*Update 4/26/12* Irvin Goes to Seattle With the 15th Pick
It’s no secret to Mountaineer fans that Bruce Irvin is something special. In fact, Irvin was a legend in Morgantown before he even played a single snap. What most fans didn’t know was that he had already climbed mountains higher than those found in the hills of West Virginia, and would soon find himself on the peaks where nearly every NFL defensive scout would be scrutinizing his next move.
Irvin was a high school dropout, running the streets of Atlanta engrossed in a world of drugs and violence. At one time, he spent 2 1/2 weeks in a county jail for robbery charges. All of that changed when one of Irvin’s close friends was arrested in November 2007 for trafficking cocaine. Irvin keeps the friend’s identity a secret, but recalls a phone conversation the day after the arrest. Irvin’s friend begged him to use his talents to better himself and get off the streets. Those words must have wound themselves tighter than Irvin’s signature dreads, because just over one month later, he received his GED.
Fast forward a little more than four years. Irvin eventually settled into the defensive end position with Mt. San Antonio College. Scholarships began to filter through, and in 2009, Irvin committed to the University of Tennessee. Halfway through the Mt. San Antonio season, he changed his commitment to Arizona State. One coach had left a lasting impression upon him, though. West Virginia wide receivers coach Lonnie Galloway had met with Irvin while he was in high school, and promised to keep an eye on him. This promise, along with the fact that Galloway kept in contact with him through the years, gave Irvin the reassurance that West Virginia University was where he wanted to play. Irvin finished his career at WVU with 22 sacks over two seasons, one of those rattling Clemson quarterback (and former Mountaineer commit) Tahj Boyd in the 2012 Orange Bowl.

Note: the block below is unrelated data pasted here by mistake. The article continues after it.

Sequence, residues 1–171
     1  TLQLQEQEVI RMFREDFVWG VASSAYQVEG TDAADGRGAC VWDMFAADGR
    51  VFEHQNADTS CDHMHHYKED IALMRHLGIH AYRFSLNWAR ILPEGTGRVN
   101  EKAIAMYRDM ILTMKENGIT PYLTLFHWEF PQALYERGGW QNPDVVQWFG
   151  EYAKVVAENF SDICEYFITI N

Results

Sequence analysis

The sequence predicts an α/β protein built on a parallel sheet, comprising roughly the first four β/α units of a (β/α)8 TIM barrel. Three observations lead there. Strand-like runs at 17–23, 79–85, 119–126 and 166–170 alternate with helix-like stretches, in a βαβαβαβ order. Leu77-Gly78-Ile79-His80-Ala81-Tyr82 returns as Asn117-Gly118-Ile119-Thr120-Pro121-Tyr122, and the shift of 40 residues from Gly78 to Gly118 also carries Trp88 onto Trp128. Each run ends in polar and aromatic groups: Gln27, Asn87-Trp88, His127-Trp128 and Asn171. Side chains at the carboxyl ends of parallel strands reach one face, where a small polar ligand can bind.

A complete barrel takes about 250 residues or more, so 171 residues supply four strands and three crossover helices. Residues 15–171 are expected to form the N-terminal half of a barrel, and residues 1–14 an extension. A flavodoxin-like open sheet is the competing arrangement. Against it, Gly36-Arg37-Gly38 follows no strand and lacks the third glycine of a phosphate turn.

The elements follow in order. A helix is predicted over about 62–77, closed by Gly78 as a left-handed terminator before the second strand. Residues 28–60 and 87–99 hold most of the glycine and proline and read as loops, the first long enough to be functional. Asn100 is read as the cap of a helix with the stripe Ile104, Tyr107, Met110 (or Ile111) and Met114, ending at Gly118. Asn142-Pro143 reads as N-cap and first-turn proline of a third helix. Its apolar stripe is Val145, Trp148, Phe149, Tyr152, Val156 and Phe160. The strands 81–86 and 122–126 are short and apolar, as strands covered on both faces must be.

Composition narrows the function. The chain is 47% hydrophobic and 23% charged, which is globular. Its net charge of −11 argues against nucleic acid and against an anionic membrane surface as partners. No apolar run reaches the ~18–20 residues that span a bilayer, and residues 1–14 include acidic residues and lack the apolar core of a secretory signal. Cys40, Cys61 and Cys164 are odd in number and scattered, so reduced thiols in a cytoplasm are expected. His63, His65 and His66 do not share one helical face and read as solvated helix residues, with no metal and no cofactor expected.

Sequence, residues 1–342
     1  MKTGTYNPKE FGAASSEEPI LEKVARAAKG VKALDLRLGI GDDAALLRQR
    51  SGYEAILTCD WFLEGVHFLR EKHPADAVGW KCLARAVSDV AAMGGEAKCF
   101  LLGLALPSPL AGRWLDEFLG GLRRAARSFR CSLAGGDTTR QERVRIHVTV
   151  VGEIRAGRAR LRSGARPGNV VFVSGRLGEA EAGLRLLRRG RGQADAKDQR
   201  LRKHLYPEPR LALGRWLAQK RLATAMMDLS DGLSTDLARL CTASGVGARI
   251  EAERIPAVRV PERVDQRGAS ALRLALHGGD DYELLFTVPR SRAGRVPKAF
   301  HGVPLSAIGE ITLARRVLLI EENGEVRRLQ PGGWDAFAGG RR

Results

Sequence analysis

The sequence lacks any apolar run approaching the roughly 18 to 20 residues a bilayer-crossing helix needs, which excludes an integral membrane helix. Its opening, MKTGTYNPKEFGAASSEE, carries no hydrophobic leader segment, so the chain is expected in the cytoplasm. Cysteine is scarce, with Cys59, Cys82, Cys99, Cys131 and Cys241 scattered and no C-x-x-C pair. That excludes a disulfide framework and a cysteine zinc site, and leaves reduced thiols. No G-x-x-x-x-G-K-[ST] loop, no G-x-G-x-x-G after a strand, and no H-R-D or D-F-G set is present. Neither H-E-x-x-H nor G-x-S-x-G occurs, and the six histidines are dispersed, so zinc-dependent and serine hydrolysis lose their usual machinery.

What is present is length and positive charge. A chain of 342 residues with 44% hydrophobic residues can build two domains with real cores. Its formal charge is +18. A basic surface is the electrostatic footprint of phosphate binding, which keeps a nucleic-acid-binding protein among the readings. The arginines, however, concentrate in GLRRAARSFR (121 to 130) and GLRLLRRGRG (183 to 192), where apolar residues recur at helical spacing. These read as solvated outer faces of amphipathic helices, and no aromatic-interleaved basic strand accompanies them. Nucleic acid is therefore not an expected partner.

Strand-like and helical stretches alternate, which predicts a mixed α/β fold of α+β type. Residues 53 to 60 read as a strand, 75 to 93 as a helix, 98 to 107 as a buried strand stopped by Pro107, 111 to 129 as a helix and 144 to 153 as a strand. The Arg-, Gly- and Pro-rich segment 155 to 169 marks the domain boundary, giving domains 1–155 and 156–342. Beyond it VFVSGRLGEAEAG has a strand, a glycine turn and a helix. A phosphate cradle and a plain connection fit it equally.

On Monday, Irvin got his first chance to shine for the scouts at the annual NFL Combine. His first attempt at the 40 yard dash resulted in an impressive 4.50 second run. Although his official number remained at 4.50, his second attempt came in at an astonishing 4.43 seconds, falling behind Baylor’s Robert Griffin III by only 0.02 seconds. By position, Irvin had the quickest 40 time of the combine. Irvin managed 23 reps in the bench press evaluation, and a 33.5 inch vertical jump. For most, this is a feat in itself, but at the combine, those numbers fell around the middle of the pack. He placed 3rd overall, amongst his position, in the broad jump with a lengthy 10′-3″ official number. One inch more and the Combine would have had a three-way tie for first between Irvin, Nick Perry of USC, and Scott Solomon of Rice. Bruce dominated the brutal 3-Cone Drill with a first place official time of 6.70 seconds, and led the pack in the 20 yard Shuttle with a time of 4.03 seconds, both ranked by position, as well.
Overall, the NFL Combine resulted in Irvin being named Top Performer in several areas of evaluation. His confidence going into the Combine, coupled with his past obstacles and raw athletic talent, will assure that he will be playing at the next level. Several teams have already expressed interest in Irvin, including the Green Bay Packers, and many are trying to persuade the New Orleans Saints to take a look, as well. Regardless of which NFL team decides to draft Bruce Irvin, they can rest assured that they will not be disappointed.
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